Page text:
The thoughts expressed and the data from which they are drawn are believed to be reliable but cannot be guaranteed. Any opinions expressed are subject to change without notice. There is risk of loss in trading and may not be suitable for everyone. Those acting on this information are responsible for their own actions.

This column is part of the Dairy Today eUpdate newsletter, which is delivered to subscribers biweekly and includes dairy industry analysis, dairy nutrition information as well as the latest dairy headline news. Click here to subscribe.

 

 

The Dairy Market Attitude Has Changed

Apr 01, 2009

By Robin Schmahl


The month of March has changed the direction of the dairy futures market. Futures contracts have increased upwards of $2 per cwt since the first of the month in some of the 2009 contracts. The twelve-month average for 2010 increased 88 cents during the month of March.

Overall, the attitude seems to have changed from bearish to bullish. The gloom and doom of the beginning of the year has quickly given way to a more positive price outlook, at least according to the Class III futures. Along with increasing futures prices comes the thinking by some dairy farmers to purchase replacement heifers at the current lower prices. The idea is to fill up the barn and increase milk output by the end of the year and take advantage of the forecast higher prices.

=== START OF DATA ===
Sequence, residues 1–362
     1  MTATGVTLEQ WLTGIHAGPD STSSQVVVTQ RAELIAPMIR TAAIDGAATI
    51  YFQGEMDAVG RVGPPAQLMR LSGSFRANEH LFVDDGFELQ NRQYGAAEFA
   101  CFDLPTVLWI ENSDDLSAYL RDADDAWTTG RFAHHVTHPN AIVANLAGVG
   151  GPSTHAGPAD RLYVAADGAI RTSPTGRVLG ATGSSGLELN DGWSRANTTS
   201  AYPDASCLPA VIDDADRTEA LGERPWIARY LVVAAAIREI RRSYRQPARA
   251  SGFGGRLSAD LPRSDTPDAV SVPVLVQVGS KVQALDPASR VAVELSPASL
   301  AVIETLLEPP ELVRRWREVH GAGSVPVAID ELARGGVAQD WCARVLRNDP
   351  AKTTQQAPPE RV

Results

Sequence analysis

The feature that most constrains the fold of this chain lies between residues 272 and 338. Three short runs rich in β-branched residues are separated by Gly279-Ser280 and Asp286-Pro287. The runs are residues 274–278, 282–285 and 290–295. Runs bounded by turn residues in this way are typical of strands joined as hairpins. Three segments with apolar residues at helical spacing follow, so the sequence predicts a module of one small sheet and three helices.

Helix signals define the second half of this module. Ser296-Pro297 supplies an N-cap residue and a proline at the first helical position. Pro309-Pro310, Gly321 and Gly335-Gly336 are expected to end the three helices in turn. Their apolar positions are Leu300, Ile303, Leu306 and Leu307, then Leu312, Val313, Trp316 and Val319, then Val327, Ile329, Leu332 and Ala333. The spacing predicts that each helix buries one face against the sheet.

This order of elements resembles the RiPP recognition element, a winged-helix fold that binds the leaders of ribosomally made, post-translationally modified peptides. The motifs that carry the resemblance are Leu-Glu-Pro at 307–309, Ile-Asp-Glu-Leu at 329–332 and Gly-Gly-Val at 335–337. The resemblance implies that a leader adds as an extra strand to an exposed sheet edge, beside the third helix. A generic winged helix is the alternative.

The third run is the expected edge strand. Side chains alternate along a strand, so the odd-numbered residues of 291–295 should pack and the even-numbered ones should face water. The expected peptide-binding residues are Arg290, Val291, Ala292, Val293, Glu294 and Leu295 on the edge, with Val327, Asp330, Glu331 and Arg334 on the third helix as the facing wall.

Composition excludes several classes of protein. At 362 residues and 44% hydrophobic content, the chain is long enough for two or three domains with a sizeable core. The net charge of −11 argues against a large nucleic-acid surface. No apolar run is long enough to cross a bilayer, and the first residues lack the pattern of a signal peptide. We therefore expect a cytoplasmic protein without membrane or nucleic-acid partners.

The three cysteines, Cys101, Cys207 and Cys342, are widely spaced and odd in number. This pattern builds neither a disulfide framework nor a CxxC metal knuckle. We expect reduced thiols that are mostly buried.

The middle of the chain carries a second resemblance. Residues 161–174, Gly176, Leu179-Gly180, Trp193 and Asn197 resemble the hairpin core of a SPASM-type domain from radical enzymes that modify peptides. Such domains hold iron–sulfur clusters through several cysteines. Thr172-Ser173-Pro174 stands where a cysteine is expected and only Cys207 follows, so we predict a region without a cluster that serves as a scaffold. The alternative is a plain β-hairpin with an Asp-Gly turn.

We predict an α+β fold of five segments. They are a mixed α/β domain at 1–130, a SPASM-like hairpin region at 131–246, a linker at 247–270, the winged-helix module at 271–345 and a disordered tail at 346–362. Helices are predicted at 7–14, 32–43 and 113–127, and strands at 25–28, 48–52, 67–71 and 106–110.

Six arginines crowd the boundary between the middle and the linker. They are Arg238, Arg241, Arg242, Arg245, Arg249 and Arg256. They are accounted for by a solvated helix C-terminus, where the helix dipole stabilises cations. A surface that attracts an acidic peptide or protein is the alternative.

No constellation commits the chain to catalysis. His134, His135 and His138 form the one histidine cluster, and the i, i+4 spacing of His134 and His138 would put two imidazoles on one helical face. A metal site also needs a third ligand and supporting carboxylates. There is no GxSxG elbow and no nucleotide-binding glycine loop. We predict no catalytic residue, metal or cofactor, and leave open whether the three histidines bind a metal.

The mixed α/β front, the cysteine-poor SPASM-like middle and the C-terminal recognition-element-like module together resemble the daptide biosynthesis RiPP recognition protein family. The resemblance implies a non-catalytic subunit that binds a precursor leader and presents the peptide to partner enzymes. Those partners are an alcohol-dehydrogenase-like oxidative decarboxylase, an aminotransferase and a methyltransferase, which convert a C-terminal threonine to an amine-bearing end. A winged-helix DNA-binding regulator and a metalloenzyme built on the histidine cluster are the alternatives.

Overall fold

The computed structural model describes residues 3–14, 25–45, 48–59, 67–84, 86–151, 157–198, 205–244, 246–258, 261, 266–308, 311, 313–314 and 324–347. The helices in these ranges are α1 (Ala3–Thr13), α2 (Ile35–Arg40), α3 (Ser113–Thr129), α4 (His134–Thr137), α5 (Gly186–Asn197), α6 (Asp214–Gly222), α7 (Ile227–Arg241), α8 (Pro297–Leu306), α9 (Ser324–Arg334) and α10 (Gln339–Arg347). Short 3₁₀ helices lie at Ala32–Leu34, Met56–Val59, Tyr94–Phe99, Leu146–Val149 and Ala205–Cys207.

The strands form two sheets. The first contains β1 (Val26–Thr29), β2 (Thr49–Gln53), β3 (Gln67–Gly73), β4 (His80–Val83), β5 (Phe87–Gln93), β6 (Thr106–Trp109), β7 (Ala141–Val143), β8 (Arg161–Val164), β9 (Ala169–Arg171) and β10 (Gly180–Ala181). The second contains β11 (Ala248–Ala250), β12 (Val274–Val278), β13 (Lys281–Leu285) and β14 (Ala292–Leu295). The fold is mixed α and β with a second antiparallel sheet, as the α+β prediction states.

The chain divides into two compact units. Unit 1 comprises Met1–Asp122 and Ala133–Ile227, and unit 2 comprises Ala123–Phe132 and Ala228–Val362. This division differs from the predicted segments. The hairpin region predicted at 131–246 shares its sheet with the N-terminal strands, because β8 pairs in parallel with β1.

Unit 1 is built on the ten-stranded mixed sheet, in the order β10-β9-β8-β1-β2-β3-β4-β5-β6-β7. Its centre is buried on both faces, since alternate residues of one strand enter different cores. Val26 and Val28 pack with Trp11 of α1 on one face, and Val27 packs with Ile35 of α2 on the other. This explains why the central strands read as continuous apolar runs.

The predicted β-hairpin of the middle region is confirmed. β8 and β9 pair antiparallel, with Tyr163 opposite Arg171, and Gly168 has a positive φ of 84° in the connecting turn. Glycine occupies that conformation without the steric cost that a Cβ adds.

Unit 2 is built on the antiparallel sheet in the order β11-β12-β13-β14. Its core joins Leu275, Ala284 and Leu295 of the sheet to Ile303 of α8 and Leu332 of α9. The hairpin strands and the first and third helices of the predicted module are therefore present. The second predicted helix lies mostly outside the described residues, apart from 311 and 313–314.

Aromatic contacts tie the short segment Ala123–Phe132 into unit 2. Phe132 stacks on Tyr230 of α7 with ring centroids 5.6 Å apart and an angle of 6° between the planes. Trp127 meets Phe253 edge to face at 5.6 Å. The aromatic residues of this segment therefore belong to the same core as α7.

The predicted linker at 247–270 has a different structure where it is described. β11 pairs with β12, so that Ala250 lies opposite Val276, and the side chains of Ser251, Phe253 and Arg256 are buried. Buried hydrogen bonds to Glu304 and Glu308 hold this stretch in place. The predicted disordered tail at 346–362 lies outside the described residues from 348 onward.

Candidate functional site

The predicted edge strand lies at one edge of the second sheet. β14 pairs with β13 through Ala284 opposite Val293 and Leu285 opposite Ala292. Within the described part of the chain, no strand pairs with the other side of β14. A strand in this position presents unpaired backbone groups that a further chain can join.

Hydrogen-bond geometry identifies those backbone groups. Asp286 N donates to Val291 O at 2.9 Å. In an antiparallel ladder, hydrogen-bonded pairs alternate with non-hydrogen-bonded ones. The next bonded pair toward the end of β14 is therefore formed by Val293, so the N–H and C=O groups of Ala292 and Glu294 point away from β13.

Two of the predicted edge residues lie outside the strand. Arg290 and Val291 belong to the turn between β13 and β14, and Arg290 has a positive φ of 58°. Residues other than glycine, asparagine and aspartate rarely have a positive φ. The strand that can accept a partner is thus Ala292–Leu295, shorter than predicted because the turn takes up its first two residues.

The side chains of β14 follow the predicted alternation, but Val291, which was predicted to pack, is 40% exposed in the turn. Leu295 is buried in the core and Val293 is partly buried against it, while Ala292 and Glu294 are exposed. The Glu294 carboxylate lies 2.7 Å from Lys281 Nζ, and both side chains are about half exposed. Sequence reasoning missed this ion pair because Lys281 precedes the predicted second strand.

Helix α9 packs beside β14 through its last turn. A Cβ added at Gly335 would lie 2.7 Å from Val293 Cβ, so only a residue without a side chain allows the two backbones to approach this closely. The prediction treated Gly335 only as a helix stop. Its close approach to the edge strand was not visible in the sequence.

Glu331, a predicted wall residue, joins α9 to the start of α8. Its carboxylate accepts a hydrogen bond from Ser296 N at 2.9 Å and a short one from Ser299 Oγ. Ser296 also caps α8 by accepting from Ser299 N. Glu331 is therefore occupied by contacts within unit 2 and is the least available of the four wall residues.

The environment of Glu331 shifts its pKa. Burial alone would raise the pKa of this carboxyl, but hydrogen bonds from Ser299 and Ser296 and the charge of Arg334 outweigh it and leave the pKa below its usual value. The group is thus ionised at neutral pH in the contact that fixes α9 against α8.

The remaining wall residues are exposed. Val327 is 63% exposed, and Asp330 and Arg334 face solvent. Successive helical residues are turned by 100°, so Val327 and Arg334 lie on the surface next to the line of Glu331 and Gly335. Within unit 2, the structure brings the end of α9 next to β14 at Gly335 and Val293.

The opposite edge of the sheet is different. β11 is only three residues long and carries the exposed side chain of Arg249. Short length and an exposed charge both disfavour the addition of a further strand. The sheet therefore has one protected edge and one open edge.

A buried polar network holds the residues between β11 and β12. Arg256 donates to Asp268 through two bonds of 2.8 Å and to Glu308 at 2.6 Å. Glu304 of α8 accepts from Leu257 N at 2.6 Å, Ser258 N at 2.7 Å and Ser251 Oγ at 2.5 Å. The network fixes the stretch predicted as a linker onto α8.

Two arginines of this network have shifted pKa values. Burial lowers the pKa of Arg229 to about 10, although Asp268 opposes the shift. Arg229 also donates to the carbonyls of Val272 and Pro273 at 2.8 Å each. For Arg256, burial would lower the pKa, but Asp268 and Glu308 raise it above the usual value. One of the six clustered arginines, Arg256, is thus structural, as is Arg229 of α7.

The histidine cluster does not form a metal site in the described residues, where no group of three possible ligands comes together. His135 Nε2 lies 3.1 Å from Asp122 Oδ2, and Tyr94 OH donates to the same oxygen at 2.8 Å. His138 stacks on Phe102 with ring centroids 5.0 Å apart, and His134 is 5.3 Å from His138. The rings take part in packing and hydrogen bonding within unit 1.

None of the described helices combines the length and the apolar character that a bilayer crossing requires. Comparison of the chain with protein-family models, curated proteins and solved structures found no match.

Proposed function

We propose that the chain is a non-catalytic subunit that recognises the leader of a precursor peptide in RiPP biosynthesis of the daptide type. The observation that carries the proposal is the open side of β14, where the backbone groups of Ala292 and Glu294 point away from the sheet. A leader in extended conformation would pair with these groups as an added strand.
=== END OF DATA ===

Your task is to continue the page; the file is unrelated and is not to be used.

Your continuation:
Cash cheese prices are about 12 cents higher than they were at the beginning of March, but are not yet higher than the price it was near the end of February. That may change in the near future unless the pattern of the past two price rallies holds. Once cheese prices reached or exceeded $1.30 buyers become less aggressive and stepped back allowing cheese prices to decrease. The market seems to be content with price fluctuating from $1.20-$1.33. Despite the available supply of cheese and slower demand, buyers have been interested in purchasing cheese.

Since the beginning of the year, there have been 378 loads of blocks and 147 loads of barrels traded on the CME Group’s cash market. This equates to approximately 15.9 million pounds of block cheese and 6.2 million pounds of barrel cheese. It is apparent that some of this cheese is being purchased and put into storage for later in the year. After all, it makes sense to purchase cheese at these prices to guard against a possible increase if milk supply tightens.